XXX in Tech

Hunter Moore’s ‘Scary as Shit’ Revenge Porn Site Will Map Submitted Photos to People’s Addresses

"All these people that thought they were safe: nah."
 Hunter Moores Scary as Shit Revenge Porn Site Will Map Submitted Photos to Peoples Addresses

Mr. Moore (Photo: ShowClix)

In an interview with Betabeat last night, infamous revenge porn peddler Hunter Moore shed some light on what his new smut submission site, HunterMoore.TV, will look like. Mr. Moore, who rose to prominence with the now-defunct revenge porn site IsAnyoneUp, intends to port all of the old content over from the original site onto the new one.

“I have nerds for days,” Mr. Moore, in New York to serve community service following a violent incident, told Betabeat last night in a Lower East Side bar. “I have nerds on nerds. I have so many secret servers. I got shit in Switzerland, Australia, Canada. All that stuff’s accessible, it’s just on a different domain.” He added that any content that had been legally questionable before will be gone.

“All these people that thought they were safe: nah, it’s all gonna be back,” he added.

Perhaps even more terrifying is the newest feature planned for HunterMoore.TV, which Mr. Moore said will launch anywhere from two weeks to a month from now. The submission form, which previously included fields like the person’s name, links to social media profiles and a place to upload photos, will have a new field: address. Scorned lovers who submit photos of their exes for revenge can now also enable others to physically stalk them by including their addresses along with the photos. HunterMoore.TV will then display the photos on a map.

The current submission form includes a “Where are they from?” field, but not a place to specify exact address. It also has many legal statements that users must check in order to submit, including, “By submitting this content you are agreeing to take full responsibility for the content you have submitted.”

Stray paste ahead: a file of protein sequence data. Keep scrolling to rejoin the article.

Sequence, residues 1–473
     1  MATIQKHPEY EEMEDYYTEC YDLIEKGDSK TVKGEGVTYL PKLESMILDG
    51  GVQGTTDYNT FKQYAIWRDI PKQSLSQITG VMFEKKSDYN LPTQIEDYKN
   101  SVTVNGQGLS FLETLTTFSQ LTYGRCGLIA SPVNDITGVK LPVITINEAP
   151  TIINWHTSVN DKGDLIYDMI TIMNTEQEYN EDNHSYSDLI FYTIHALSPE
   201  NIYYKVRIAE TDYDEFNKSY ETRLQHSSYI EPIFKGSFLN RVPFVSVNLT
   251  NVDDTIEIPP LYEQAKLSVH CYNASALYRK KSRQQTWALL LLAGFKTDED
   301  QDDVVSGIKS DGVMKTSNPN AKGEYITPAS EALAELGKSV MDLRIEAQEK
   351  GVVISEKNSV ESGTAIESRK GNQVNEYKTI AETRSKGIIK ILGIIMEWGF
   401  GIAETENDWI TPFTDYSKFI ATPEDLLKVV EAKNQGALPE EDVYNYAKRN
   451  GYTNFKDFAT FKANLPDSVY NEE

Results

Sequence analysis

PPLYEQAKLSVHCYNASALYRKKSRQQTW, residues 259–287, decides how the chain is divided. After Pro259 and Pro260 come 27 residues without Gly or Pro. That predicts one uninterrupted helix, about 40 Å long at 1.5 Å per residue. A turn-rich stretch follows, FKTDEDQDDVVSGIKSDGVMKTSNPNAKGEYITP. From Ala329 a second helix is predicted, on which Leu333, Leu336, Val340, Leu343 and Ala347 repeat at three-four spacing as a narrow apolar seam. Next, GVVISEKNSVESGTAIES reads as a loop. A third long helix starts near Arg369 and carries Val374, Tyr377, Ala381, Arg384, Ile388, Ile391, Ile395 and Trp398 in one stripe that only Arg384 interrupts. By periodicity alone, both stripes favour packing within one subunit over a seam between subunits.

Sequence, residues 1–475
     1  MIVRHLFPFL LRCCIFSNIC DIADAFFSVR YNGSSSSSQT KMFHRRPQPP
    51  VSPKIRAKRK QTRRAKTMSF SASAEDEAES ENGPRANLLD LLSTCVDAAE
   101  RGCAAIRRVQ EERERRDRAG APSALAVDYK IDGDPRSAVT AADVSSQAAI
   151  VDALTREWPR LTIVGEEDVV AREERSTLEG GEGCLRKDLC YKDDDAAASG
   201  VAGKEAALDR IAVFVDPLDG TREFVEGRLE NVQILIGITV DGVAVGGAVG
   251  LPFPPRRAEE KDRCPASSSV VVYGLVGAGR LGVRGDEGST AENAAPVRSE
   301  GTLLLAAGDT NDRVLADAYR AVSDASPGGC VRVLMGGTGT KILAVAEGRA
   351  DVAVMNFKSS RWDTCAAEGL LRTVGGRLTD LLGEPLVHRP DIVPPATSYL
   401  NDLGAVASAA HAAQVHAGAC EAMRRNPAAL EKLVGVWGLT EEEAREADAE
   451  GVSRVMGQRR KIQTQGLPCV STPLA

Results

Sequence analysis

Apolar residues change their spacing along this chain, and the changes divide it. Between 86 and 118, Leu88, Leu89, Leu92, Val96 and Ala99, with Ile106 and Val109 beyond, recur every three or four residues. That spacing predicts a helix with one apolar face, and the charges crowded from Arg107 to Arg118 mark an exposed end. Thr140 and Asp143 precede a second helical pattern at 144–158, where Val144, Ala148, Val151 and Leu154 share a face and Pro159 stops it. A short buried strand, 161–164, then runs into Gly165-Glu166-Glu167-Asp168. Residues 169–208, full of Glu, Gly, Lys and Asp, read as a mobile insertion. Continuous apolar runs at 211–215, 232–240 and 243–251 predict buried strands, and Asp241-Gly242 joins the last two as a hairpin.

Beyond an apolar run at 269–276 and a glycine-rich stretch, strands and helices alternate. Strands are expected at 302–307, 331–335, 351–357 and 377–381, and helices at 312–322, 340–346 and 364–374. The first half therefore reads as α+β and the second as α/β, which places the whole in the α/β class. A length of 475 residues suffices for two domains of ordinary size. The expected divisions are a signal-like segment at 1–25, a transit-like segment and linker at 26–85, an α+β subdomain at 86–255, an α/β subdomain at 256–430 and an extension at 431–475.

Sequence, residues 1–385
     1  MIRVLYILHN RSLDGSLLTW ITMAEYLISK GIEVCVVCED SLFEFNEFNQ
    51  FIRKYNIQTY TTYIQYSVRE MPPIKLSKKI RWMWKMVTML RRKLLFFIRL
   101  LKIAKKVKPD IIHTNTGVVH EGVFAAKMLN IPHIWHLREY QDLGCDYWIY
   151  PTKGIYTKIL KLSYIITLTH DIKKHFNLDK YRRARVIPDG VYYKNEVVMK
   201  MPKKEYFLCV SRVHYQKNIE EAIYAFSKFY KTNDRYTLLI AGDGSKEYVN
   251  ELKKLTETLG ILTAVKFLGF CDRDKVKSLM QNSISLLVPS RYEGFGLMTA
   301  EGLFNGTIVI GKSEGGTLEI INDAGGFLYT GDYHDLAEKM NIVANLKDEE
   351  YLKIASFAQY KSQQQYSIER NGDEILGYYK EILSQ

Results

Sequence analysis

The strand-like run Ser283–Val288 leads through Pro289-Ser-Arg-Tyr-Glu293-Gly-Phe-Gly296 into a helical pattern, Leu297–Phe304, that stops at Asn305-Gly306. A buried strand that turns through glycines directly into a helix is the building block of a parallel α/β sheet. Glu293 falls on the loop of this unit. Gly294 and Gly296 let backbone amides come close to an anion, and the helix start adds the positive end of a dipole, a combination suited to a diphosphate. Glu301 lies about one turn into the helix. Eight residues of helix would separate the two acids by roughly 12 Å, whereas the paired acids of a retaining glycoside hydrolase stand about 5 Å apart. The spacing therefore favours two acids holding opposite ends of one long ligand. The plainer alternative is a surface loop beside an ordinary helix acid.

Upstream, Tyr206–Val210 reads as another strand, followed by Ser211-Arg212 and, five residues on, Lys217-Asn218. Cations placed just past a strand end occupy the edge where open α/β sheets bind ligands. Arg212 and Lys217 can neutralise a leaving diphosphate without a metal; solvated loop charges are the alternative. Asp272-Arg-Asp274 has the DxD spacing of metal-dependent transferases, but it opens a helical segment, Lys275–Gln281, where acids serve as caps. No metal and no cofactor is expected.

Mr. Moore says he’s not liable for these sorts of privacy violations because it’s all user-submitted content. He reasons that he’s protected under Section 230 of the Communications Decency Act, which states that websites are immune from legal responsibility for content submitted by others.

But this mapping feature could be the fatal blow to Mr. Moore’s Section 230 defense. University of Maryland law professor and cyber-law expert Danielle Citron argues that by putting up the field for addresses, he could be facilitating stalking. “If he is putting up fields with someone’s address and a field ensuring that there’s a map to facilitate stalking, I think there’s an argument to be made that he is engaging in cyberstalking under federal criminal law,” Ms. Citron told Betabeat by phone. “Section 230 explicitly does not immunize federal criminal law violations.”

Mr. Moore seems unconcerned with the legalities associated with his newest venture.

“We’re gonna introduce the mapping stuff so you can stalk people,” Mr. Moore gleefully told Betabeat, adding, “I know–it’s scary as shit.”

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